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Fast computing of scattering maps of nanostructures using graphical processing units

Vincent Favre-Nicolin, Johann Coraux, Marie-Ingrid Richard, Hubert Renevier
CEA-UJF, INAC, SP2M, Grenoble, France, Universite Joseph Fourier, Grenoble, France
arXiv:1010.2641v1 [cond-mat.mtrl-sci] (13 Oct 2010)

@article{2010arXiv1010.2641F,

   author={Favre-Nicolin}, V. and {Coraux}, J. and {Richard}, {M.-I.} and {Renevier}, H.},

   title={“{Fast computing of scattering maps of nanostructures using graphical processing units}”},

   journal={ArXiv e-prints},

   archivePrefix={“arXiv”},

   eprint={1010.2641},

   primaryClass={“cond-mat.mtrl-sci”},

   keywords={Condensed Matter – Materials Science},

   year={2010},

   month={oct},

   adsurl={http://adsabs.harvard.edu/abs/2010arXiv1010.2641F},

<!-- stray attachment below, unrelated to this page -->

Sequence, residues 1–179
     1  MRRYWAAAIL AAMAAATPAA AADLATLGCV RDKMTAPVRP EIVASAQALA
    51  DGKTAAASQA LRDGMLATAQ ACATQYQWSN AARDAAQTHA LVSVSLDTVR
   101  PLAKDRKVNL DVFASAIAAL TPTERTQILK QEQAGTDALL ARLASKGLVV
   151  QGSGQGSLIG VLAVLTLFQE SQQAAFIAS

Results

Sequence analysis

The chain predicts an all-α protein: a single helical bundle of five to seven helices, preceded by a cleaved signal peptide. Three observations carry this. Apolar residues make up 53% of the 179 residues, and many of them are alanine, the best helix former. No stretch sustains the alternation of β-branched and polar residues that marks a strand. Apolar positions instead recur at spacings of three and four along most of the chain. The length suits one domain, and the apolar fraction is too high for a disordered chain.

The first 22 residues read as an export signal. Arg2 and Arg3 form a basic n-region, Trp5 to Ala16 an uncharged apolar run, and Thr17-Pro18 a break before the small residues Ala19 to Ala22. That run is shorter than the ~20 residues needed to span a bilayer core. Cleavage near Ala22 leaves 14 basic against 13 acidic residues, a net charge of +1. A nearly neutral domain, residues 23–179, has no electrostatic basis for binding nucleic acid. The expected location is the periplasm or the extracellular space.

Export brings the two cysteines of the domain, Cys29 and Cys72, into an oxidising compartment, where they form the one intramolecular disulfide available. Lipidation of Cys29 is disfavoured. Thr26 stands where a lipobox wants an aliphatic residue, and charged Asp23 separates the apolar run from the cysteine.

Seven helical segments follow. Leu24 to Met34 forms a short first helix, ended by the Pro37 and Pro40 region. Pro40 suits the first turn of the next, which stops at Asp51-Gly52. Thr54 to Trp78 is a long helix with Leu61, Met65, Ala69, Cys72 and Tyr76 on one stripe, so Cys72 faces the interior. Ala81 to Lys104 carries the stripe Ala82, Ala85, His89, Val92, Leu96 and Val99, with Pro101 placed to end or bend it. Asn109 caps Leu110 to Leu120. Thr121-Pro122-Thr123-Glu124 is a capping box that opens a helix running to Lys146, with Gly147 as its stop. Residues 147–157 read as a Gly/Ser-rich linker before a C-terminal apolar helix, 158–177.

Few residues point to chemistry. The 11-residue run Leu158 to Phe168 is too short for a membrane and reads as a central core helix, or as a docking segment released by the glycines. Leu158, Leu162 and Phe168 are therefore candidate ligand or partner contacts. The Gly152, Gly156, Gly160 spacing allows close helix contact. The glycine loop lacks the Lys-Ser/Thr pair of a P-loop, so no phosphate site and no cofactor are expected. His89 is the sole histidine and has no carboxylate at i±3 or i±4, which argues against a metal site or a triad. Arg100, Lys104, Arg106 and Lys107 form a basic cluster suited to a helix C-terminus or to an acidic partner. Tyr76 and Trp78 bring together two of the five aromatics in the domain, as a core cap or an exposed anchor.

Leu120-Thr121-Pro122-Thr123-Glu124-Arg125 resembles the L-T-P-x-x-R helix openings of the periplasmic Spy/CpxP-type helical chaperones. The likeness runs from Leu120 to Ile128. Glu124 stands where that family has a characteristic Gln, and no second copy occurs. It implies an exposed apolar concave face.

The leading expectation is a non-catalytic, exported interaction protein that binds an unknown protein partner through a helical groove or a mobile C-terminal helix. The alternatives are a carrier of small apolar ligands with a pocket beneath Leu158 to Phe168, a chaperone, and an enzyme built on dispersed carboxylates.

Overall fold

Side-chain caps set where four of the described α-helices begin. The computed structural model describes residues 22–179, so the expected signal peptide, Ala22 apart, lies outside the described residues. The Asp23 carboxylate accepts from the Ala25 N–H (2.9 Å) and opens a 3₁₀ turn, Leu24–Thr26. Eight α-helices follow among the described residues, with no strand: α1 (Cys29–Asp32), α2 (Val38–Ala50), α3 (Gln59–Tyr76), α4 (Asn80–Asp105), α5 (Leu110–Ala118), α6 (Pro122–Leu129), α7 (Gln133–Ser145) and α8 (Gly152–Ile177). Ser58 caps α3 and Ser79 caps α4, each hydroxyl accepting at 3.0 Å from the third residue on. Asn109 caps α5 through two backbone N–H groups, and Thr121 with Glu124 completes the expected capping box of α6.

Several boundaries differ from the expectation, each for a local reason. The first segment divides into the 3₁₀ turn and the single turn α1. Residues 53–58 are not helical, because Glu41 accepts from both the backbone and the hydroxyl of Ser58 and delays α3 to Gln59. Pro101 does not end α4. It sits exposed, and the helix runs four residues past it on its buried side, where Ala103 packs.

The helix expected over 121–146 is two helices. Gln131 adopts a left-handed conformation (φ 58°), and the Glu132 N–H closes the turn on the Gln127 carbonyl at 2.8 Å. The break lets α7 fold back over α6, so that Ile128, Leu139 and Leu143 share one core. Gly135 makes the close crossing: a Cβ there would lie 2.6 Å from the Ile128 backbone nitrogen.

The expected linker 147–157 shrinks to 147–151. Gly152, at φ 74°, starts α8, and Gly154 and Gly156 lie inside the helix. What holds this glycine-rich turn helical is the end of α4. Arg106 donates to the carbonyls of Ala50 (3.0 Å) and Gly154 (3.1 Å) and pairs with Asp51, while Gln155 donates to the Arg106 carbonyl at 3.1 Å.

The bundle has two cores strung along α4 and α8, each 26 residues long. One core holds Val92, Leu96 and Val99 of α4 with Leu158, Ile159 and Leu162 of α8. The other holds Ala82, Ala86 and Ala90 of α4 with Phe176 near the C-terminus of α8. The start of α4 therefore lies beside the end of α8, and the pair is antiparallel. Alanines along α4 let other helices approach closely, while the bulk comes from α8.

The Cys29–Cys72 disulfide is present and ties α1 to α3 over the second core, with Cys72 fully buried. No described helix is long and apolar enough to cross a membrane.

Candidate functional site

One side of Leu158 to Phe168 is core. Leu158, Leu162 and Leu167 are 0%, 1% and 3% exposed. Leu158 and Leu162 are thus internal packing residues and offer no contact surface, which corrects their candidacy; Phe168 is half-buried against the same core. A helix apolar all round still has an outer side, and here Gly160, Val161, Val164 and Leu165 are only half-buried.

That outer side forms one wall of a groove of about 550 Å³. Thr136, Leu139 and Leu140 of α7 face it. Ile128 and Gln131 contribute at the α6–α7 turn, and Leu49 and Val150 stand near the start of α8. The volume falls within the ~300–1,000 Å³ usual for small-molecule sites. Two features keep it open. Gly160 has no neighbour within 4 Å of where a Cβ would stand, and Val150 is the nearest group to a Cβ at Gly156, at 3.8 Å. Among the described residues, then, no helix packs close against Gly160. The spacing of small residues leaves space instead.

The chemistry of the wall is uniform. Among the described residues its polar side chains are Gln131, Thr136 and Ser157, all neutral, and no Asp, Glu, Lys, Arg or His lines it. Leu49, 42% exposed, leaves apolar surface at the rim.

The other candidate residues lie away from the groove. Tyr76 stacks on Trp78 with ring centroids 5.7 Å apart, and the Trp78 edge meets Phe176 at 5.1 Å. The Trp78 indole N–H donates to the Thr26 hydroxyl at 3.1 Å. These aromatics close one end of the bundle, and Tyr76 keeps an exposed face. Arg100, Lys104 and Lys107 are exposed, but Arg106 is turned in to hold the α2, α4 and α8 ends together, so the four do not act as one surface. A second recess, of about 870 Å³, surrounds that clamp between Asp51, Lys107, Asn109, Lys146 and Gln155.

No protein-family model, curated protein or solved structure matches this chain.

adsnote={Provided by the SAO/NASA Astrophysics Data System}

}

Scattering maps from strained or disordered nano-structures around a Bragg reflection can either be computed quickly using approximations and a (Fast) Fourier transform, or using individual atomic positions. In this article we show that it is possible to compute up to 4.10^10 $reflections.atoms/s using a single graphic card, and we evaluate how this speed depends on number of atoms and points in reciprocal space. An open-source software library (PyNX) allowing easy scattering computations (including grazing incidence conditions) in the Python language is described, with examples of scattering from non-ideal nanostructures.
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